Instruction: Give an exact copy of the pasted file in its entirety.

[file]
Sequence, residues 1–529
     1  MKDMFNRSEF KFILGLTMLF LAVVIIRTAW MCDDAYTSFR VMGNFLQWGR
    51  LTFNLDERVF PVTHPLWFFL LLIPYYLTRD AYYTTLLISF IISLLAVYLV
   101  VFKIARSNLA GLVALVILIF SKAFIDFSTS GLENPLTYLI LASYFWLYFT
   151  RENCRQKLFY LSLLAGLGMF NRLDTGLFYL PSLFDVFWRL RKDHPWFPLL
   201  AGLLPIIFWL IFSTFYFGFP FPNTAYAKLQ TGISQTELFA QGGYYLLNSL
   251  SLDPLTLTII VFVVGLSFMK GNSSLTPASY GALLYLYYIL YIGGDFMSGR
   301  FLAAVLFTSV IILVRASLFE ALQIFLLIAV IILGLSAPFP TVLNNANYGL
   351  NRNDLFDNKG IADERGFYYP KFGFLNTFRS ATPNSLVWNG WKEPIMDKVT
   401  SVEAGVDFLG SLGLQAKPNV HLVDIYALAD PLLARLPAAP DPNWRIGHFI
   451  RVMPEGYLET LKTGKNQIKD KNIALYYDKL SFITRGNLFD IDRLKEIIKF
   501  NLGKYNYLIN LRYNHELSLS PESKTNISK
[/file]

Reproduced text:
Sequence, residues 1–529
     1  MKDMFNRSEF KFILGLTMLF LAVVIIRTAW MCDDAYTSFR VMGNFLQWGR
    51  LTFNLDERVF PVTHPLWFFL LLIPYYLTRD AYYTTLLISF IISLLAVYLV
   101  VFKIARSNLA GLVALVILIF SKAFIDFSTS GLENPLTYLI LASYFWLYFT
   151  RENCRQKLFY LSLLAGLGMF NRLDTGLFYL PSLFDVFWRL RKDHPWFPLL
   201  AGLLPIIFWL IFSTFYFGFP FPNTAYAKLQ TGISQTELFA QGGYYLLNSL
   251  SLDPLTLTII VFVVGLSFMK GNSSLTPASY GALLYLYYIL YIGGDFMSGR
   301  FLAAVLFTSV IILVRASLFE ALQIFLLIAV IILGLSAPFP TVLNNANYGL
   351  NRNDLFDNKG IADERGFYYP KFGFLNTFRS ATPNSLVWNG WKEPIMDKVT
   401  SVEAGVDFLG SLGLQAKPNV HLVDIYALAD PLLARLPAAP DPNWRIGHFI
   451  RVMPEGYLET LKTGKNQIKD KNIALYYDKL SFITRGNLFD IDRLKEIIKF
   501  NLGKYNYLIN LRYNHELSLS PESKTNISK